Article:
James O'Kelly is one of the first men in the United States to make an attempt to restore the New Testament church. His focus was to restore elderships to the church rather than have a one-man bishop. He learned from John Wesley that an elder is equal to a bishop, but Frances Asbury viewed himself as a one-man overseer of the whole Methodist Episcopal Church in the United States.
O'Kelly and those who felt the same way he did confronted Asbury in one of the year-end meetings of the Episcopal Church in America. The result was that the O'Kelly group left, and within a few years grew to over 20,000 people.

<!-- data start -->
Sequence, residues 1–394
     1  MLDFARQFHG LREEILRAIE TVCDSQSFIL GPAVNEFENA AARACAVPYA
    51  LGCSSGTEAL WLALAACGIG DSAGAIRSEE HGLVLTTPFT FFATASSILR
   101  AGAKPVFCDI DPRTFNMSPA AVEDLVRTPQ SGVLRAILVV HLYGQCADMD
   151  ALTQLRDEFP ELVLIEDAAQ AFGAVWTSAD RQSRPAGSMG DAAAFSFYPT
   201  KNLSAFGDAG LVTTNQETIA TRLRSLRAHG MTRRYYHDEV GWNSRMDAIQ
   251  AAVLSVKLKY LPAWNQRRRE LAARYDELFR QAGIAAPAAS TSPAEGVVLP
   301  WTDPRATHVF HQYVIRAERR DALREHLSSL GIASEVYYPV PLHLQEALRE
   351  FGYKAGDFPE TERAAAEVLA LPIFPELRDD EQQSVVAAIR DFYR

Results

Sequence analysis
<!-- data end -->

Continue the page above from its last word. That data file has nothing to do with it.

This book surveys in a scholarly way the facts on all sides of this schism of the late 1700s in America.